As seen in FIG. 5, there is a cover 28 encasing a portion of the intermediate housing 16 and extending to a portion of the lower housing 14. This cover is made from conducting material such as a thin pliable sheet metal, such as copper or copper plated steel. The first conducting strip 22 extends from inside the intermediate housing portion 16 through an aperture 30 in the housing 16 and ends such that it contacts this conducting cover 28. Thus, the cover 28 conducts power between a standard light fixture L and the first conducting strip 22 which touches the threaded, metal end of a standard bulb.
There is a third conducting strip 32, or buss, positioned generally within the lower housing portion 14. A portion 34 of the third conducting strip 32 lies generally flat at the bottom end of the lower housing portion 14 forming an end 34 to the housing that contacts the conductors (not shown) within an existing light socket.
As demonstrated in FIG. 5, a conductor 90, such as the wire shown, is attached at one end 94 to the second conducting strip 24. There is a second conductor 92, such as the wire shown, attached at one end 96 to the third conducting strip 32. Thus, the socket 10 can be screwed into an existing light fixture L and the third conducting strip portion 34 contacts the light fixture L drawing power and transmitting it to wire conductor 92. Wire conductor 90 transmits power from the switch to the second conducting strip 24 which transfers it from end 26 to the bottom end of a standard bulb (not shown).
For hinged doors, the switch 40 may be a plunger type switch such as that shown in FIGS. 2, 5 and 6 and it may include a casing 42, for example formed from plastic. It is preferable to have an insulated casing 42 as opposed to a metal casing when dealing with electrical wiring, but suitable insulated metal casings could also be used. The casing 42 has an opening 50 along one side with an actuating member 44 extending therefrom. The actuating member 44 consists of a pin 46 extending through a hollow member 48 and kept in the outward position by a spring 52. The outermost end of the pin 46 has a generally rounded or flat head 54 for contact against a door. The underside of the head forms a lip 56 that is stopped against the edge 58 of the hollow member 48 when the pin 46 is pushed inwards.
As shown in FIGS. 5, 6 and 7, The end 60 of the pin 46 opposite the head 54 is connected to two contact arms 62, 64 which carry a pair of contacts 66, 68. When the pin is in the outermost position, each contact 66, 68 contacts a mating contact portion 70, 72 and the circuit is completed. When pressure is applied to the head of the pin, such as by a door that has been closed, the pin 46 is pushed inwards and the contacts 66, 68 are urged out of contact with the mating portions 70, 72 and the circuit is broken, thereby turning off the light.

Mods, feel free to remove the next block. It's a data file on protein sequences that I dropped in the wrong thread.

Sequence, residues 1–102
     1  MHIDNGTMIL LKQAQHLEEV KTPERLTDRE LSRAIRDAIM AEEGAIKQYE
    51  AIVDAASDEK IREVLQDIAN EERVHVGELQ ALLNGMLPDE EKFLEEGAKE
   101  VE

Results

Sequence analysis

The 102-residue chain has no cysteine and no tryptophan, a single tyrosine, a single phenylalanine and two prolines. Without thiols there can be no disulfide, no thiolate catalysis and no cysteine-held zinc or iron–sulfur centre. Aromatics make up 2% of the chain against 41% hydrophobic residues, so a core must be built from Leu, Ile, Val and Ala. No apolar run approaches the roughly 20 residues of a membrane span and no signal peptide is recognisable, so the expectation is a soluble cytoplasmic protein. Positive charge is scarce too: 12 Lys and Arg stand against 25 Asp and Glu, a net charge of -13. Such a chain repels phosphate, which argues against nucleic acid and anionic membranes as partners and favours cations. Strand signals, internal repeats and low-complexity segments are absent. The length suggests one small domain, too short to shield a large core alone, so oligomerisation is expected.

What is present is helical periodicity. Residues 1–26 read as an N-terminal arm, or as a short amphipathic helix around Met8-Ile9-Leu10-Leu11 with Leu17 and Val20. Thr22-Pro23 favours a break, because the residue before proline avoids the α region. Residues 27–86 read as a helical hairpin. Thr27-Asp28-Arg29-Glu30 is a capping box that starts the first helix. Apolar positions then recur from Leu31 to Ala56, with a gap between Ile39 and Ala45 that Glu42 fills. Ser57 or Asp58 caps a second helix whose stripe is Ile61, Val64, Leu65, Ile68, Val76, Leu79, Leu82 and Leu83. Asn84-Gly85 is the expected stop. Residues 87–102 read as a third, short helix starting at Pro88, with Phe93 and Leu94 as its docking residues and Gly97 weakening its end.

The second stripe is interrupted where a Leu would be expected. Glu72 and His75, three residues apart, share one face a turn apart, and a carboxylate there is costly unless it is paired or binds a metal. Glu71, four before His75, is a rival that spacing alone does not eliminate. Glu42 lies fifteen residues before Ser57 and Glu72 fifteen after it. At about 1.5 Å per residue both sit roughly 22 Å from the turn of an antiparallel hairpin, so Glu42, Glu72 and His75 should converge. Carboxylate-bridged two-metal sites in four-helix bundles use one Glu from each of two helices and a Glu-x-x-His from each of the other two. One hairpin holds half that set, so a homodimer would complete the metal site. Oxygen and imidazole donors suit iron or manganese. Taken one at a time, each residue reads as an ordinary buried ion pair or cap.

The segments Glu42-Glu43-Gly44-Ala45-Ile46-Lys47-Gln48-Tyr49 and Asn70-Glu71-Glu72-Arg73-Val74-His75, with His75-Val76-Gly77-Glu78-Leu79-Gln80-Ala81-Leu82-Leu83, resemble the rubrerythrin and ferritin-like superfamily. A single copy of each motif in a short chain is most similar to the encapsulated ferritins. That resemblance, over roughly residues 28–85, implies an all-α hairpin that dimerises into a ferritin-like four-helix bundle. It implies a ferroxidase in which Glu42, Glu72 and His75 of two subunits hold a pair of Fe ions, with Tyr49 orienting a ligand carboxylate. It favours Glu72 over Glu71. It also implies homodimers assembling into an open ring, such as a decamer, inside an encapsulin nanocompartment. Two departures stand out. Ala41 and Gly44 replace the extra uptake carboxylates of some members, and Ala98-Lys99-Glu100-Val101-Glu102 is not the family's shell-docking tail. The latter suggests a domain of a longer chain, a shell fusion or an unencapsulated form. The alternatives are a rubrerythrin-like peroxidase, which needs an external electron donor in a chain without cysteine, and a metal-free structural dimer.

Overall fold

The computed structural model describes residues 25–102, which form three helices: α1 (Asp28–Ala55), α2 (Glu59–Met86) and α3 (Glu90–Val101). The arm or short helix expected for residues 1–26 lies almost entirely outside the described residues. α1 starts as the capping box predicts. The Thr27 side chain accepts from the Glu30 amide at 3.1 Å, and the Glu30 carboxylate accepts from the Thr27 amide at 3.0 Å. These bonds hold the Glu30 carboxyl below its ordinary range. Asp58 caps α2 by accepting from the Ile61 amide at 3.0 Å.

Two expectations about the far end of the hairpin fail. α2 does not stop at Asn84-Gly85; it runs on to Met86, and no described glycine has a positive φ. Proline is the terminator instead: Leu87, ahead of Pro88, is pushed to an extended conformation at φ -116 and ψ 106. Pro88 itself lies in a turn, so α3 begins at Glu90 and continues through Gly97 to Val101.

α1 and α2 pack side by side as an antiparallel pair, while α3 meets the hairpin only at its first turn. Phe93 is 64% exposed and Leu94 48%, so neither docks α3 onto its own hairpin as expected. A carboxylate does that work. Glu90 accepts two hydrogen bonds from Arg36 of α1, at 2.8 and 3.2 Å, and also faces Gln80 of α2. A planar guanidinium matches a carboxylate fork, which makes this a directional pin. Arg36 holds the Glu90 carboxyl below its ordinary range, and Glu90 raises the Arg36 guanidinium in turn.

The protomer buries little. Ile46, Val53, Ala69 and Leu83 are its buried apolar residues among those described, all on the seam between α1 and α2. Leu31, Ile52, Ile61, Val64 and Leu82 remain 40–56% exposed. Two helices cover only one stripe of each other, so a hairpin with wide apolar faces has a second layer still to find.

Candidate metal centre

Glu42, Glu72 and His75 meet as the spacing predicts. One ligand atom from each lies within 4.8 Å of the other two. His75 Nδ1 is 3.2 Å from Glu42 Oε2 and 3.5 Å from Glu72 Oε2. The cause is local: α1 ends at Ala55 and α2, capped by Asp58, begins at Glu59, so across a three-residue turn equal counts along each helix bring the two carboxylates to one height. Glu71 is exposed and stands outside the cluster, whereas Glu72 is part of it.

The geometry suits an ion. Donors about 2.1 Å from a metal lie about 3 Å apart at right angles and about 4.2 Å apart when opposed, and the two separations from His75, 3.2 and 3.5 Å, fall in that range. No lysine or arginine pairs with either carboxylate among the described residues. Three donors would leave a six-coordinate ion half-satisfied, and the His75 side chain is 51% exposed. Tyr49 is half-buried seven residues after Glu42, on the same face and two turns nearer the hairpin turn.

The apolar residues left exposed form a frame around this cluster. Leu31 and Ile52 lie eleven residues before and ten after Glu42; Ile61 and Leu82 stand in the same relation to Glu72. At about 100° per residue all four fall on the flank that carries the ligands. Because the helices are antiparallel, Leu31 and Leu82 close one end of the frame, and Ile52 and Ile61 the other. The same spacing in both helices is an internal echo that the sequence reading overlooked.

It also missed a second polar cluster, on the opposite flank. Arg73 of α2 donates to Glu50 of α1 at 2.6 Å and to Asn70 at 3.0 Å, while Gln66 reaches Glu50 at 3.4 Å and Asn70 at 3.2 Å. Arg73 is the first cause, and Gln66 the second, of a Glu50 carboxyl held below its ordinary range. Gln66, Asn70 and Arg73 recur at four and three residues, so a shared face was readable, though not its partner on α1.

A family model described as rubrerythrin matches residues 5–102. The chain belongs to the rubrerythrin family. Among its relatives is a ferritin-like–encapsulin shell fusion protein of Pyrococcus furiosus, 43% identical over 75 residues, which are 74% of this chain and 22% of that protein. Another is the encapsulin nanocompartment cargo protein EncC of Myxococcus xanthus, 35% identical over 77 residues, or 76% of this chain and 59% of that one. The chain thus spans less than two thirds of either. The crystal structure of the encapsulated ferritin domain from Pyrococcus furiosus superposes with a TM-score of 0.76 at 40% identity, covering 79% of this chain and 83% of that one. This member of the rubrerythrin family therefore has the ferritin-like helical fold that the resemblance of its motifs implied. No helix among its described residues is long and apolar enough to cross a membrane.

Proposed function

The contacts 66, 68 are connected to the conducting wires 90, 92 such as by the screws 80, 82 shown. The wires 90, 92 are wrapped around the screws 80, 82 and held in place by screwing the screws into the contacts 66, 68. These wires are normally encased in conduits made from insulated material for safety reasons. These wires 90, 92 and conduits extend between the switch 40 and adaptor socket 10.
In general, the moveable contact 66, 68 provided on the contact arms 62, 64 complete an electrical circuit when the door is open. The moveable contact 66, 68 are spaced from their mating fixed contact 70, 72 deactivating the electrical circuit when the door is closed.
The switch may be mounted at or near a door frame by a bracket 74, such as shown in FIGS. 1 and 2. The ears 76 of the bracket have an aperture 78 for receiving a fastener such as a screw (not shown). Thus, a switch 40 can be mounted by merely screwing it near a door with the actuating member 44 placed at a distance from the door for activation by the opening and closing of the door.
To install the combination socket 10 and switch adaptor 40 in a closet, the user merely has to screw the socket 10 into an existing light socket L and mount the switch 40 adjacent the closet door. The switch 40 should be mounted such that the pin 46 is compressed when the door is closed. The switch 40 can be mounted by screwing the bracket 74 where desired. The wires 90, 92 can be placed anywhere including attaching them along the ceiling out of the way, for example, in a conventional conduit.
In an alternative embodiment of the invention, the switch 140 is adapted for use with sliding doors, as shown in FIG. 3. A lever 198 is fixed at one end to the fastening bracket 174 and extends across the pin 146 coming into contact with the head 154 of the actuating pin 146. The outermost end of the lever 198 is positioned adjacent the sliding door so that when a door is slid closed, pressure is applied to the lever 198, thus urging the actuating pin 146 inwards.
All of the invention has been described by making detailed reference to preferred embodiments. Such detail should be understood by those skilled in the art as instructive rather than in any restrictive sense. Many other variants are possible within the scope of the claims hereunto appended. The invention is not to be limited to the specifics as shown here for purposes of illustration but only by the scope of the appended claims and their equivalents.
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|Citing Patent||Filing date||Publication date||Applicant||Title|
|US7141750 *||Feb 1, 2006||Nov 28, 2006||Funai Electric Co., Ltd.||Switch mechanism provided with switch plate and printer apparatus provided with switch mechanism|
|US7411174||Oct 11, 2005||Aug 12, 2008||Eash Brandon A||Sensor-controlled LED array apparatus and method|
|US8021012||May 18, 2009||Sep 20, 2011||Tracy Dunbar||Assembly for doorway illumination|
|US8502457 *||Oct 13, 2010||Aug 6, 2013||Jeremy M. Shew||Light assembly|
|US8721107||Apr 6, 2012||May 13, 2014||Chris T. Cotzias||Method and apparatus for retrofitting an open bulb lighting fixture|
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|US20060180446 *||Feb 1, 2006||Aug 17, 2006||Funai Electric Co., Ltd.||Switch mechanism provided with switch plate and printer apparatus provided with switch mechanism|
|US20100289434 *||May 18, 2009||Nov 18, 2010||Tracy Dunbar||Assembly for Doorway Illumination|
|US20110163678 *||Oct 13, 2010||Jul 7, 2011||Shew Jeremy M||Light assembly|
|US20140317997 *||Apr 25, 2013||Oct 30, 2014||Neil Shumeng Wang||Termite Electrocuting Apparatus|
|U.S. Classification||200/61.81, 200/61.82|
|Aug 16, 2001||SULP||Surcharge for late payment|
|Aug 16, 2001||FPAY||Fee payment|
Year of fee payment: 4
|Aug 31, 2005||REMI||Maintenance fee reminder mailed|
|Feb 10, 2006||LAPS||Lapse for failure to pay maintenance fees|
|Apr 11, 2006||FP||Expired due to failure to pay maintenance fee|
Effective date: 20060210